Comments (5)

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  1. Michael says:

    “The Amazon rainforest fires cannot be extinguished by water alone, but only by tackling the economic root causes of the disaster unfolding around us.”

    Thanks goodness someone is talk about the financial and economic causes of the mass destruction of our natural world. This burning of The Amazon rainforest is disturbing to the core. It reminds me of the scene in Lord Of The Rings where Saruman chops down the trees to build his war machine. In the film he says:

    “The old world will burn the fires of industry. The forests will fall. A new order will rise. We will drive the machine of war with sword and the spear and the iron fist of the orc. Do you know how the orcs first came to being? They were elves once, taken by the dark powers, tortured and mutilated. A ruined terrible form of life.” –

    Thanks Bella for publishing something about the real and tangible ecological disaster that is going on all around us.

    Excellent to get away from banging on about the infinitely contestable, useless and dis-empowering concept of “climate change”, which was cooked up by the global elites to distracting and divert us from focusing on the causes of this unfolding ecocide. An ecocide demanded by our monetary and financial systems. Climate change has been an amazingly successful ruse to, at one and the same time, get us put a lot of energy into clamouring for change to the psychopaths that are benefiting from the current system, and at the same time, convince us that handing them more power to their centralised institutions is the only way to deal with their ecocidal ways. Lets stop talking about “climate change”, and lets start talking about tangible issues, there causes and solutions.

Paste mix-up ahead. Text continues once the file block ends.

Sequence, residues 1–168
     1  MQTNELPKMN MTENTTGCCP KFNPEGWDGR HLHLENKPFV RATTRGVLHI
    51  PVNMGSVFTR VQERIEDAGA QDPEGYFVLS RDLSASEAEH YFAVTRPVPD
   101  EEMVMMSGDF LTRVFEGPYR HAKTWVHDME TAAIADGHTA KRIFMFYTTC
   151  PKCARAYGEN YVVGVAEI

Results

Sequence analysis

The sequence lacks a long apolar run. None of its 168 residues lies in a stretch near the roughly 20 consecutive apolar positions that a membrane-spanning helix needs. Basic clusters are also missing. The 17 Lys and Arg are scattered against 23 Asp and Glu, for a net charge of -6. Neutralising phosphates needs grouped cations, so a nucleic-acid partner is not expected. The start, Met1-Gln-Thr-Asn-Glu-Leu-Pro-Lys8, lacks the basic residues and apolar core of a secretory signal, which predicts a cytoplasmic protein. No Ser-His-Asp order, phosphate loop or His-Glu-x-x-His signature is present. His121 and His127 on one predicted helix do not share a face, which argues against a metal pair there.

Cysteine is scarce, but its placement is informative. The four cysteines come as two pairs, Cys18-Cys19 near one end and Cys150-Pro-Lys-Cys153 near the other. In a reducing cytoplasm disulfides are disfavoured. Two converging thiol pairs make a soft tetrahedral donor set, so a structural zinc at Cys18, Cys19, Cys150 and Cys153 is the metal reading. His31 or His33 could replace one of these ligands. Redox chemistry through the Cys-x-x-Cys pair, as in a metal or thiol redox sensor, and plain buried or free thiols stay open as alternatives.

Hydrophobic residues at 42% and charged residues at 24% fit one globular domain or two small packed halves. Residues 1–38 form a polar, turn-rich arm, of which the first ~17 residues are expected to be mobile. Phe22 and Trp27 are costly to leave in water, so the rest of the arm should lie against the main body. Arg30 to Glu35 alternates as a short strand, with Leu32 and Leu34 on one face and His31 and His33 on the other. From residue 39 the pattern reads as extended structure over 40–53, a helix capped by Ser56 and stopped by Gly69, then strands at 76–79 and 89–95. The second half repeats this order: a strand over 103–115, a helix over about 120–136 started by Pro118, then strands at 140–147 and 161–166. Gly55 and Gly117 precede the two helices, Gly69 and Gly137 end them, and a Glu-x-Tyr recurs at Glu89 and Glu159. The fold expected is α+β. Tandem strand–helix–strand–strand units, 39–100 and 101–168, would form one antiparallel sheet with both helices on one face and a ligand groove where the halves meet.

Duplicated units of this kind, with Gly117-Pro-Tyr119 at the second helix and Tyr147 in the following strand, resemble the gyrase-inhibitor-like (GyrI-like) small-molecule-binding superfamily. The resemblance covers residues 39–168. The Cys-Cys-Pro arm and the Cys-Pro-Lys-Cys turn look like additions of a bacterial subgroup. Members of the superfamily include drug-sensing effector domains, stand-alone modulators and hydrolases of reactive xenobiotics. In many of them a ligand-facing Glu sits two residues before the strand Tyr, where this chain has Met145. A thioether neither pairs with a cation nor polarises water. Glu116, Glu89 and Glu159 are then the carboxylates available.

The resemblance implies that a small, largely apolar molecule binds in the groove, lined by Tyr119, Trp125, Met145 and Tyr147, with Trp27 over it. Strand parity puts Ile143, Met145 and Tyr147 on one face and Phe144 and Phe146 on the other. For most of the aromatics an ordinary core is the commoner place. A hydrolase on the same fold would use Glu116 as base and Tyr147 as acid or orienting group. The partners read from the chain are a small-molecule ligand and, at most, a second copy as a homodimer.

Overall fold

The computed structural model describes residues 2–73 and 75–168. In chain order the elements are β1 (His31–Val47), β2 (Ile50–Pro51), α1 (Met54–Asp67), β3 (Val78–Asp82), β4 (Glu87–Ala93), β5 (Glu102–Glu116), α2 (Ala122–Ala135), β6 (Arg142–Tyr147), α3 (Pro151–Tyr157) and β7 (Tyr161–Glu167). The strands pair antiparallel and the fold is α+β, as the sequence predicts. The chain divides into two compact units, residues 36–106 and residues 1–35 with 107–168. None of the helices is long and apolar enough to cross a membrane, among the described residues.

First off, how do we change the monetary/financial/military system (and the insane fear based psychology of those in charge of it) that drives all this madness? And how do we start taking meaningful power back into our own hands, so we can make changes, without having to appeal for change to the psychopaths that are responsible for putting it all in place in the first place ?

  2. Jim Stamper says:

    While I don’t disagree with all the proposals there is perhaps something missing. As mentioned the trade deal France and Ireland want to block if Brazil don’t take action that trade deal has environmental implications. Many western countries have and continue to benefit financially from industries destroying the environment e.g. oil and gas, coal, fracking etc. But none benefit financially from protecting the environment and retaining rain forests that produce a crucial commodity – oxygen. An arrangement should be set up, possibly by the UN to do this.

    1. Svenja says:

      It may seem utopian, but it seems that the natural capital discourse of treating vital aspects of ecosystems as commodities and services won’t get us away from and challenge the economic mentality that got us into the global predicament we’re in.

  3. Madeleine says:

    Thank you for covering this with truth and integrity, unlike the rest of the international media.

  4. Svenja Meyerricks says:

    Image credit: @giovanamedeiros / @designativista